Driving Equality, Enhancing Value, Democratizing Investing
The concept of a marketplace is an economic concept that is well understood and best exemplified by securities exchanges like Nasdaq or NYSE. A marketplace is a physical (and increasingly virtual) place where buyers and sellers come together to dynamically negotiate the price of an asset and trade it with transparency and equal access to information. What’s new and promising today is that the advent of modern technology, ambitious entrepreneurs, and greater investor appetite for new assets, are revitalizing traditional asset classes like real estate, while enabling new assets like cryptocurrencies or private securities, to be digitized and tokenized, so they can be easily, cost-effectively and securely traded.
Rosenblatt Securities believes that this transformation of traditional asset classes, and the creation of new ones beyond financial securities, will redefine the scope and scale of financial services. It will unlock significant value, both in terms of lowering funding costs and democratizing investor access, that will ultimately herald a new era in wealth management. The smartest investors are already funding innovative entrepreneurs and companies who are rapidly building the infrastructure to support this new phase of asset growth.
Introducing Rosenblatt’s 13th FinTech Summit Focused on Tomorrow’s Marketplaces
Our 13th FinTech Summit, to be held virtually on May 19-20, 2021, will focus entirely on this important topic of building tomorrow’s marketplaces. This continues our decade-long tradition of organizing a FinTech investor summit focused on a cutting-edge topic, bringing together a select group of executives from investment companies, leading FinTechs, and financial institutions, to explore crucial aspects of that issue.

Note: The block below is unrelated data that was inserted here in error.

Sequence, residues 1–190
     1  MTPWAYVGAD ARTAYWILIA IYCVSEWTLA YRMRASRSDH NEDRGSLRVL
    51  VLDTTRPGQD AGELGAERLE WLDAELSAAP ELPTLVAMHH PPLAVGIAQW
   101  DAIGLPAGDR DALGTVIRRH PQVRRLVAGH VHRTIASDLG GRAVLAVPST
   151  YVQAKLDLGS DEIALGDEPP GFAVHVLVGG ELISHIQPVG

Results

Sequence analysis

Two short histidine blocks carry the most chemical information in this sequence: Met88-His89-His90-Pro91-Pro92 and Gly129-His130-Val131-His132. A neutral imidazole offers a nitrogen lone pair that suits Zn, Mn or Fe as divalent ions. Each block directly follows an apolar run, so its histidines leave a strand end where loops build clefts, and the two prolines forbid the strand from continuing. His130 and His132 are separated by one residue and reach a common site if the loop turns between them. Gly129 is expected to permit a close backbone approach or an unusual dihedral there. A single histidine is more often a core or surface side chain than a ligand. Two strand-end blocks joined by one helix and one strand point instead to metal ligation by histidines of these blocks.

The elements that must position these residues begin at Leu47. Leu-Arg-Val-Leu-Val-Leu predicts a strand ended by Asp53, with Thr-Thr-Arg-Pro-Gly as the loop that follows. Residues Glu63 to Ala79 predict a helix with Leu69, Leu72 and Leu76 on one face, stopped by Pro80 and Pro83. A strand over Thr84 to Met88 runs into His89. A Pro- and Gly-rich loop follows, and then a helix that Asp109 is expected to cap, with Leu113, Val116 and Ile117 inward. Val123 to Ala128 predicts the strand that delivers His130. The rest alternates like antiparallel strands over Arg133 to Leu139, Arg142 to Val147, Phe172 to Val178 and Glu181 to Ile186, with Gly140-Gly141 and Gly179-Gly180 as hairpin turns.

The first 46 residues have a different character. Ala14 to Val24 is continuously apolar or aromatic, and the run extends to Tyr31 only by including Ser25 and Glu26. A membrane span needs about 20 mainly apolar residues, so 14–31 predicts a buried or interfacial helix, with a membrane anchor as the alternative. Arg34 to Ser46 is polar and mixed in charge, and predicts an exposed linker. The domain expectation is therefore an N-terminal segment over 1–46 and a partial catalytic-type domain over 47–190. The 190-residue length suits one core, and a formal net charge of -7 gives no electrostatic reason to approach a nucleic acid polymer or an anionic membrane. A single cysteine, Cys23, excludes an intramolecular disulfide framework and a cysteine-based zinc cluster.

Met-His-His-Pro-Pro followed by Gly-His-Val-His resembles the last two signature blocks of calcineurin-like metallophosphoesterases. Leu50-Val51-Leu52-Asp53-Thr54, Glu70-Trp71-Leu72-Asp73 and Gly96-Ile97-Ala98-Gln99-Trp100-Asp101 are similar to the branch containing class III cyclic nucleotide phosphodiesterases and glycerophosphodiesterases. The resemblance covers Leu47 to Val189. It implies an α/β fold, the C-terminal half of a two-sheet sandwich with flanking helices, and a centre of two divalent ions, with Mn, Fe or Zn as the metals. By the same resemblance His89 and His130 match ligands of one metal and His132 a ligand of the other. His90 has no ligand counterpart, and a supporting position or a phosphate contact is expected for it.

This year’s Summit about building tomorrow’s marketplaces will be led by a fireside chat with Adena Friedman, CEO of Nasdaq who has championed this idea and who believes that new marketplaces can enhance equality, drive value, and will herald a new era for modern capitalism. Nasdaq’s long-term strategic vision is to foster and enable new markets to be created in all types of non-financial assets ranging from energy, healthcare, infrastructure, consumer goods, and services. The firm wants to utilize its technology and tremendous experience in running its securities exchange and extend it to entirely new markets, bringing transparency, fairness, and price discovery to large parts of the global economy. Besides established firms like Nasdaq, a new crop of FinTechs is utilizing innovative technology (data analytics, mobility, AI/ML, Blockchain) to create greater price transparency across all kinds of assets that have been illiquid and opaque until now, as well as new assets that are being digitized and traded.
“I believe that markets and price discovery can help play a role in unlocking the potential and the influence of the individual. We can create markets of tomorrow for people, with people, and for the benefit of more people” – Adena Friedman, Nasdaq.
Following Nasdaq’s keynote session, our Summit will have three-panel discussions that explore various aspects of the Summit’s theme. Each panel will host five CEOs from leading FinTechs who will share their firm’s unique vision and describe how they are enabling marketplaces of the future. The three panels will be:
· Tomorrow’s Marketplaces: The Promise of Making More Assets Tradeable. This panel will host five leading marketplace operators that are creating new marketplaces across real estate, cryptocurrencies, art, e-sports betting, and loyalty points